The Racist “My”

I’m not sure people know what racism is anymore. It used to refer, in this country, mainly to a serious identifiable problem between blacks and whites. Now it’s turning into an all-purpose pejorative that can mean almost anything.

Take Trump’s comments about the judge presiding over his Trump University case. You can argue that there is no connection between His Honor’s Mexican parentage and his rulings in the case, but it’s not racist for The Donald suggest a conflict of interest in this specific instance–not racist because there is no stereotyping or racial denigration involved. It’s not as though he said, for example “all Mexicans are bad judges.” That would be, loosely defined, racist.

But given The Donald’s position on illegal immigration and building a wall to try to stop people sneaking in from Mexico, coupled with the rallies where Trump protesters fly Mexican flags, coupled with one or more rulings against him by the judge, then adding in that the judge’s parents came here from Mexico, it is not unreasonable for The Donald to connect some dots and think the judge may be biased against him. If you want to say he should not be going public with this gripe, you might have a point–you can say he’s impolitic. But not racist.

The media-political complex that tells us what to think seems to have an unwritten law: whatever Trump says, find a way to paint it as  racist. Exhibit A: at a rally recently, he says, “Look at my African American over here,” referring to someone holding a Trump campaign sign, who, incidentally, did not mind being pointed out. But use of the possessive “my” got the collective panties of the press in a bunch, because, surely, that was a racist “my.” Good grief.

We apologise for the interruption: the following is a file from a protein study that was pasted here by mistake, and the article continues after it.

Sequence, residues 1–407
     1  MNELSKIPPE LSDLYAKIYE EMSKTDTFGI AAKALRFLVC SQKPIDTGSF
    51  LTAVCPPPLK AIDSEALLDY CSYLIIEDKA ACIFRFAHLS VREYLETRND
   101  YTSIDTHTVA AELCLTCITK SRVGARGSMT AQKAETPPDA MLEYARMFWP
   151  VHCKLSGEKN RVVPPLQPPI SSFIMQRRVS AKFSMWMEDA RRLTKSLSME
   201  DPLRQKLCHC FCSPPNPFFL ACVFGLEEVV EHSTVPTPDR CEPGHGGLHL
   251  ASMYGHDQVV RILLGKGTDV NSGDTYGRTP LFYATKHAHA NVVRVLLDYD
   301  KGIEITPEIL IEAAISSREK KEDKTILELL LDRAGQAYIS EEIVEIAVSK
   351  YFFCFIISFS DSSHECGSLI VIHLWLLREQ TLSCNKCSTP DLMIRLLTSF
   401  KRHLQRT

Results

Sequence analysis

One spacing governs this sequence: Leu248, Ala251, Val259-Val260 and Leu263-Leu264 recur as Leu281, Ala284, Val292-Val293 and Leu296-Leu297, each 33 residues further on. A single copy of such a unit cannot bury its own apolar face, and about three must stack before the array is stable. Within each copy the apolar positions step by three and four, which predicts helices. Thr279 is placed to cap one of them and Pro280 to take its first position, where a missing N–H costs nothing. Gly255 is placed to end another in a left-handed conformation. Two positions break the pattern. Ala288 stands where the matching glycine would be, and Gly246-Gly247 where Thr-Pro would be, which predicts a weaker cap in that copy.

But getting back…I’m not a lawyer (and I don’t play one on TV), but if I were defending The Donald before this judge, and thought that the judge’s rulings to this point have been biased based on the specifics of this case, i.e., the high visibility of the defendant with respect to the issues I mention above,  the passions his position on those issues inflame, and the judge’s personal family history (and, it turns out, his association with La Raza), I would file a motion (or whatever) to recuse the judge from the case. And that is not racism.


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